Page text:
- The Washington Times - Wednesday, March 21, 2001

Protectionism can take many forms. It need not be tariffs and quotas. It can involve disabling regulation and bureaucratic control as well. This is the case with Sen. Frank Murkowski's bill to shut down the Mariana Islands, a Far East Pacific American territory. The bill was a priority of the long-gone Clinton administration, but Mr. Murkowski, Alaska Republican, is still trying to ram it through the Energy and Commerce Committee he chairs.

The Marianas adopted pro-free market policies 25 years ago, and have enjoyed robust economic growth as a result. Their economy, based primarily on the garment industry and tourism, produces so many jobs the islands need thousands of guest workers from nearby countries to keep everything going.

The indigenous residents, who are full American citizens, have benefited greatly from this booming economy. Their median household income has soared from $8,900 in 1980 to $30,700 in 1999.

Federal taxpayers have benefited as well. Local revenues from the booming economy finance 87 percent of the Marianas' government budget. This is not only higher than any other U.S. territory, some of which are mostly financed with federal funds. It is higher than any state and local government as well.

But protectionist garment industry unions and manufacturers back here on the mainland are not happy over this Far East competition, even though the Marianas only account for one half of 1 percent of U.S. garment sales. Hence we have Mr. Murkowski still pushing an old, protectionist, Clinton bill.

The bill provides for a federal takeover of the local immigration authority under which the Marianas government now issues temporary guest worker visas. This local authority was granted to the Marianas by the original Covenant under which the islands became part of the U.S.

The incompetent Immigration and Naturalization Service, which cannot even handle its immigration responsibilities on the mainland U.S., would then administer federal immigration law on the faraway islands, under a mandate to phase out guest worker visas over 10 years. Without the guest workers, the garment industry on the islands would then shut down. Mr. Murkowski himself acknowledged last year that the bill's backers were hoping it would be "the end of the garment industry in the Marianas."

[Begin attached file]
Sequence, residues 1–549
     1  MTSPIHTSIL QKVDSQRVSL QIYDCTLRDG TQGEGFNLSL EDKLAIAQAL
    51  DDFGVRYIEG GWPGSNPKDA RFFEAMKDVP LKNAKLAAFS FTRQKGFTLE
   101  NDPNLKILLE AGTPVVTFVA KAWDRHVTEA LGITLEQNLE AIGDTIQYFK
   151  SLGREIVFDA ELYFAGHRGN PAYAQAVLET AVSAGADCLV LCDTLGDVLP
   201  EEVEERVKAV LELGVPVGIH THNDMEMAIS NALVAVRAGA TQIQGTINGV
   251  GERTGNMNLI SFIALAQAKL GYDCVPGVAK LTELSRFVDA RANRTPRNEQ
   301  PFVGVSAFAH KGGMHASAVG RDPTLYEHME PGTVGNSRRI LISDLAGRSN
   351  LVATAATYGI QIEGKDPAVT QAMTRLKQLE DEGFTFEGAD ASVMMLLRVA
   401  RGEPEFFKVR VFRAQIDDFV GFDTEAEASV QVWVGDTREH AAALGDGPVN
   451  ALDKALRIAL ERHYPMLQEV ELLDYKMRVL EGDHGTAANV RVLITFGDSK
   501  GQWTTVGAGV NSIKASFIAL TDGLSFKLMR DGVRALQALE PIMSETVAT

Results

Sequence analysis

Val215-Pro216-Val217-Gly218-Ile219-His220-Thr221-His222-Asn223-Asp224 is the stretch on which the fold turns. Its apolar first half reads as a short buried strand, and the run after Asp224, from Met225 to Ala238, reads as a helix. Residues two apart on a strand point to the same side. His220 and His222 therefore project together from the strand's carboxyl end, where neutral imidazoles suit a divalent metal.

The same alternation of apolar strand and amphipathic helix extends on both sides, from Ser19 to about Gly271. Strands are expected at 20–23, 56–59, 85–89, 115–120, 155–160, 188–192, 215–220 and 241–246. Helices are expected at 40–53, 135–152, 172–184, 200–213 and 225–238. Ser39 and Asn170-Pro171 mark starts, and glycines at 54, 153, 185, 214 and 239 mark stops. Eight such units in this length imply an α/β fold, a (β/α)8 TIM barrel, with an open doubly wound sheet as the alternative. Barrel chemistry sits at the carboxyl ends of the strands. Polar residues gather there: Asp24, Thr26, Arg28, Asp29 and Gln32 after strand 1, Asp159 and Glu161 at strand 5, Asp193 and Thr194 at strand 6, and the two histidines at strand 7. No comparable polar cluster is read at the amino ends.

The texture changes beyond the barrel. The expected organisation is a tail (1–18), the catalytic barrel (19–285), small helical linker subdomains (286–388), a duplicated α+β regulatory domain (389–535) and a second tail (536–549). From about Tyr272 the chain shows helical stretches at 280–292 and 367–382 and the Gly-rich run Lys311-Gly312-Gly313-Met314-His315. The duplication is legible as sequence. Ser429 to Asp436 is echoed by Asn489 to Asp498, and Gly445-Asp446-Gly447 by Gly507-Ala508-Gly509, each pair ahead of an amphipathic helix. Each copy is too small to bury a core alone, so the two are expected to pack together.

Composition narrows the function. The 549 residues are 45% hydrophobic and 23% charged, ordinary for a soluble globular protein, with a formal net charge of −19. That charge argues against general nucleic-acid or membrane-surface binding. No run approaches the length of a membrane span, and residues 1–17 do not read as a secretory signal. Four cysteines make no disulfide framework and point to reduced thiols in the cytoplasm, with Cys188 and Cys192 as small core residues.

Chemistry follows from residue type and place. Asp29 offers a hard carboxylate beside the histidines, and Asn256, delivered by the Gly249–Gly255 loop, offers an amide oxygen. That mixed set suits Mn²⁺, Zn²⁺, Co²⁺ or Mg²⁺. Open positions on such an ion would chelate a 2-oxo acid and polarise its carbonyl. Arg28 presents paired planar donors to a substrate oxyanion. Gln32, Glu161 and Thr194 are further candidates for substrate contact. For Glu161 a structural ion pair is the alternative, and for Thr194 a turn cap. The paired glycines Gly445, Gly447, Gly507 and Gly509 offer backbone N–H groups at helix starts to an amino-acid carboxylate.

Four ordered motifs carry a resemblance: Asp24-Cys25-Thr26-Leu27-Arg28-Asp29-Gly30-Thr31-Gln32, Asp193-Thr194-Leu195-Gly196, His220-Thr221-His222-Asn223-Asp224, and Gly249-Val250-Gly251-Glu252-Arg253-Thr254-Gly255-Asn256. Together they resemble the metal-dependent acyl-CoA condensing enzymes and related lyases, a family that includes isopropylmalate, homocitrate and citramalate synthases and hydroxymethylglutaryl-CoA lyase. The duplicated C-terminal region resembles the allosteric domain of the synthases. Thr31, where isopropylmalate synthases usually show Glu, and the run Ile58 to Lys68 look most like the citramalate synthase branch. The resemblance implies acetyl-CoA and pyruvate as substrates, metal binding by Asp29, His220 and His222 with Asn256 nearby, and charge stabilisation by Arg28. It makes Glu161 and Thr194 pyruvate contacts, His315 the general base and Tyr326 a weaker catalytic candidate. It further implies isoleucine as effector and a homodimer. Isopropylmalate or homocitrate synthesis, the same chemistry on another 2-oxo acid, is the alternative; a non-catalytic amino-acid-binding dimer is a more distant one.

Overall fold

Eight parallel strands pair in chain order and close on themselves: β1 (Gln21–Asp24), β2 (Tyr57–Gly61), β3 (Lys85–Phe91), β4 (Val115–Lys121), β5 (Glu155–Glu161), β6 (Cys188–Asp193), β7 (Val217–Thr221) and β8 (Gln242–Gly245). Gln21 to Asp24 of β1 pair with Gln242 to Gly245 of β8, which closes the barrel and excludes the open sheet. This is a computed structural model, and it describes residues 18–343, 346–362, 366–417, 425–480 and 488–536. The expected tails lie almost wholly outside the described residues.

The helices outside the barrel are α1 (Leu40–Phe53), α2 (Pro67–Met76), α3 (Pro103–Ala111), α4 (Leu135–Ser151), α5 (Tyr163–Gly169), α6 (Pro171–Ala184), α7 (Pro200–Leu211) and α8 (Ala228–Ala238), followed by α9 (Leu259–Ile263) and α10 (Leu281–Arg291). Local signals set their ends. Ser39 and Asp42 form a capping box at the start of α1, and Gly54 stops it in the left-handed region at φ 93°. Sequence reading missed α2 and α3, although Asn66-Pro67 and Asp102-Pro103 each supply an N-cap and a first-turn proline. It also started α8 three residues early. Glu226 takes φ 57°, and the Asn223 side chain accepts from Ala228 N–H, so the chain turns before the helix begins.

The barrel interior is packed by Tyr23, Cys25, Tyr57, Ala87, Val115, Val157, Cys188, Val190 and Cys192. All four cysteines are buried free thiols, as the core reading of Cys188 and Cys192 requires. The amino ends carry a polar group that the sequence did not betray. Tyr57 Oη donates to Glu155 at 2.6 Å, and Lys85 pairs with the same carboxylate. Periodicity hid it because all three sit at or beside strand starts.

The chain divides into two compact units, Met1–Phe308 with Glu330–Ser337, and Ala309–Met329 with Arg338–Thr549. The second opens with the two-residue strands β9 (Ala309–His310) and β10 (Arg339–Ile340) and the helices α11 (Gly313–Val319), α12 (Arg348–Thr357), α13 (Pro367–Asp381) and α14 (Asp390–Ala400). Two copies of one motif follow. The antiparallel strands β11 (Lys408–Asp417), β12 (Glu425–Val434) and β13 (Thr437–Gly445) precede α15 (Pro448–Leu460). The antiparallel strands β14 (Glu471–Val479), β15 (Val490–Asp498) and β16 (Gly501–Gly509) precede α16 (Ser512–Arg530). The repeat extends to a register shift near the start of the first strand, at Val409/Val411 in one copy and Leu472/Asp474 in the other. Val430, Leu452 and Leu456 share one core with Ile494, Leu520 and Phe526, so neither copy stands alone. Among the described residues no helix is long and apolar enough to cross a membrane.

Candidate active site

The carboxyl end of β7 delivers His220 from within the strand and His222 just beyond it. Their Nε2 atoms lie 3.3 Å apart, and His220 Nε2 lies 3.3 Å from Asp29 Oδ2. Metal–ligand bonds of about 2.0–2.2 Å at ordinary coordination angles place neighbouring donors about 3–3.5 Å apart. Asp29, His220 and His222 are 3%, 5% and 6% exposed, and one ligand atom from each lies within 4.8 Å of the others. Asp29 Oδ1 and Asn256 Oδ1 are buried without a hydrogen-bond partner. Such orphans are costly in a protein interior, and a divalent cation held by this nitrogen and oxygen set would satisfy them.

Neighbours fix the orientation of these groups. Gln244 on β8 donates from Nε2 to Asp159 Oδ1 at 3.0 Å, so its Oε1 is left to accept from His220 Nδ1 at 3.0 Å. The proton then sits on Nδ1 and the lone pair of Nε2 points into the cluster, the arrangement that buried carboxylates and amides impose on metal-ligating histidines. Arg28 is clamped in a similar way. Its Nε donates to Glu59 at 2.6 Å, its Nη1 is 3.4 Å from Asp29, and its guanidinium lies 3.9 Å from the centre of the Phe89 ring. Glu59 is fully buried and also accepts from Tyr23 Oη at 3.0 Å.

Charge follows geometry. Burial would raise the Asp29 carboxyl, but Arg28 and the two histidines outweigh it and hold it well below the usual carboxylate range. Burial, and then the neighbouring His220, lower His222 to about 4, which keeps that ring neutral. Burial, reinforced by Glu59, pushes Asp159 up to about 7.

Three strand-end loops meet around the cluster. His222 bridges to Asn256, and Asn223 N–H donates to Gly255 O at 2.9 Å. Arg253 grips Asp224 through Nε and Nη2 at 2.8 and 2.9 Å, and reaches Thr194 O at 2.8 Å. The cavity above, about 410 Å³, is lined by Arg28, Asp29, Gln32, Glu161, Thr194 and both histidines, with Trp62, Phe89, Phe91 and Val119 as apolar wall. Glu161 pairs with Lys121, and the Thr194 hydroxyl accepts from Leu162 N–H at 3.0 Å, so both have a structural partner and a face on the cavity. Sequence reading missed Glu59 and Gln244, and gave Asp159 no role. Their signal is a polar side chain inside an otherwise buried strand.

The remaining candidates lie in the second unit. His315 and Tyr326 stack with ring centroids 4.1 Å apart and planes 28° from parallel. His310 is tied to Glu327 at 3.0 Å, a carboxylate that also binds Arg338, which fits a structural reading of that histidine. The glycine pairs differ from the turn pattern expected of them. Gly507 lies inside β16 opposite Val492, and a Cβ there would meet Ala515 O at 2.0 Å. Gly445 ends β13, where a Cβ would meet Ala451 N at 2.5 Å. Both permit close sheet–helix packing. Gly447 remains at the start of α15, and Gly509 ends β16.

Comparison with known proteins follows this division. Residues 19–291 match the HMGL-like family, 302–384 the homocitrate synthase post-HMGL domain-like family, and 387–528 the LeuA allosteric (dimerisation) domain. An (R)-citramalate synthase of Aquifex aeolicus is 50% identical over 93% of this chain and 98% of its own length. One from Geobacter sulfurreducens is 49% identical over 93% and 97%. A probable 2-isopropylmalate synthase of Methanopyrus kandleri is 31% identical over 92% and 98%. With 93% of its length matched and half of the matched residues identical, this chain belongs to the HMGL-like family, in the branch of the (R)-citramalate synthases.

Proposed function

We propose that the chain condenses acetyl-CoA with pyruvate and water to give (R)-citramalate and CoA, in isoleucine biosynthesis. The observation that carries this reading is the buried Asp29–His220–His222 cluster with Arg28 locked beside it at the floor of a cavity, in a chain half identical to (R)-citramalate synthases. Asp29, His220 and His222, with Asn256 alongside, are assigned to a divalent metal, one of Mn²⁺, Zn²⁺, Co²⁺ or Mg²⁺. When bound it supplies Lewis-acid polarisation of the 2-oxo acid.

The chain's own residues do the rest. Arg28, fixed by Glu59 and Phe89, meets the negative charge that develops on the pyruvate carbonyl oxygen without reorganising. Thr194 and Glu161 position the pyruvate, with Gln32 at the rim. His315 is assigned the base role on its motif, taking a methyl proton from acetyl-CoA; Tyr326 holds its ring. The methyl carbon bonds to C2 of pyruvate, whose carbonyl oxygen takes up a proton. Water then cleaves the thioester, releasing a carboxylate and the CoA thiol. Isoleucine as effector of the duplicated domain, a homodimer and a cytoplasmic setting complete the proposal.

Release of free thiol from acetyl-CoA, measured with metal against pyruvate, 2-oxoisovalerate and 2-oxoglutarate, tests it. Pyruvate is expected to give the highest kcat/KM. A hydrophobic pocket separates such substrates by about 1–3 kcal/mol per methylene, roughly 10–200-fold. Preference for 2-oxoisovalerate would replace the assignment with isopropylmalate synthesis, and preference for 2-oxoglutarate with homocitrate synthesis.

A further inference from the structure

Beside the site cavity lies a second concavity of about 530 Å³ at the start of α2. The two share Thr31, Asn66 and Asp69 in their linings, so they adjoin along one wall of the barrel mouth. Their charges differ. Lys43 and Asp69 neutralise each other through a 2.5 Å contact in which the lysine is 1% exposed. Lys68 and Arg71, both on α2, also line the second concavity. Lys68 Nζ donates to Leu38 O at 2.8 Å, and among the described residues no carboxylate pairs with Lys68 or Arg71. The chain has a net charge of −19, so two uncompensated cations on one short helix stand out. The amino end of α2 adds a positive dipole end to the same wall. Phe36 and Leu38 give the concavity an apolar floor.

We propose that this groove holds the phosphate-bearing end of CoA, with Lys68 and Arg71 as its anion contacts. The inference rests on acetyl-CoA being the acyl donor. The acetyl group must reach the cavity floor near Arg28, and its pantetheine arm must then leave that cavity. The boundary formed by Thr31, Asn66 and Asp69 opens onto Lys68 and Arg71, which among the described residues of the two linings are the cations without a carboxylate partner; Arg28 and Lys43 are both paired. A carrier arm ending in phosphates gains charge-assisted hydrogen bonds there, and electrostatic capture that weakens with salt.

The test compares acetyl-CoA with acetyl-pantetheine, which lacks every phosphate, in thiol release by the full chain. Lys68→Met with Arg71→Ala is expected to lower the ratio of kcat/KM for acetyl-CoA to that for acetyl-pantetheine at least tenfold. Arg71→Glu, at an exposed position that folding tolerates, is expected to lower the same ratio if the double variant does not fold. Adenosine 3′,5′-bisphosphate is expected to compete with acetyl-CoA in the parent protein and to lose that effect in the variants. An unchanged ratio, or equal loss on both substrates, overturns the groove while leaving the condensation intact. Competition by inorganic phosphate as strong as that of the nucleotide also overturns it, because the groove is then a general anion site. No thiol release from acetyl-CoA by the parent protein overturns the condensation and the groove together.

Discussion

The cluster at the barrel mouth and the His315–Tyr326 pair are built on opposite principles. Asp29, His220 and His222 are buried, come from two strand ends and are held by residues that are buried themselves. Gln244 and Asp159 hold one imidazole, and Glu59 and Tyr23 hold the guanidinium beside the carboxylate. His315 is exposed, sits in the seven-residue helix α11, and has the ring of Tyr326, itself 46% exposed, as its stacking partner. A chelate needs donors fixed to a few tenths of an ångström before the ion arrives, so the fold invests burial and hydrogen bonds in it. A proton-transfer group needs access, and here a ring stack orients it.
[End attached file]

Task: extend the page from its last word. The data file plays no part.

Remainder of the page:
The bill's backers attempt to justify it with tall tales of slave labor and harsh labor camp working conditions for the foreign workers. This disinformation campaign has been one of the pet causes of the union-allied national Left in recent years, often echoing in the major national media.

But guest workers have long clamored quite eagerly to come to the islands, where they earn far more than they would at home. Now recent federal reports reveal the phoniness of the smear campaign against the Marianas, and the folly of Mr. Murkowski's bill.

For two years, the Marianas government and garment industry have been working closely with the Occupational Safety and Health Administration to build a strong worker health and safety record. Frank Strasheim, OSHA administrator for the region, now says, "They're well on their way to becoming a model for the rest of the world. I'm impressed by the [industry's] commitment in placing the safety and health of their workers first."

Moreover, a recent GAO report concluded that the Marianas have a highly effective and modern immigration control operation, with a computerized tracking system monitoring each guest worker. These workers must submit to criminal background checks and health screenings.

The GAO report echoes the findings of the U.S. Customs Service that the local Marianas customs operation is also highly effective and modern. U.S. Customs concluded that "fraud, diversion, or transhipment of goods involving [the Marianas] do not appear to be a problem."

Another recent GAO report documents the devastation that Mr. Murkowski's bill would wreak on the Marianas economy. It echoed an earlier internal Interior Department report's conclusion that if immigration on the islands were federalized and guest workers phased out, "the economy of the … Marianas would be severely damaged, and … the standard of living of the U.S. citizens residing there would suffer tremendously. Major existing industries could virtually collapse, leaving few sources of export earnings. The economy would be sent into a catastrophic contraction."

The Clinton officials pushing the anti-Marianas vendetta were found to be using their government offices and time to blatantly support the election opponents of top Republicans who have opposed their legislative foolishness, such as Dick Armey, Tom DeLay, Dana Rohrabacher, Phil English, and others. The Clinton officials' conduct openly violated a raft of federal laws, starting with the Hatch Act.

The question is, why is Mr. Murkowski still carrying their water?

Peter Ferrara is an associate professor of law at the George Mason University School of Law.


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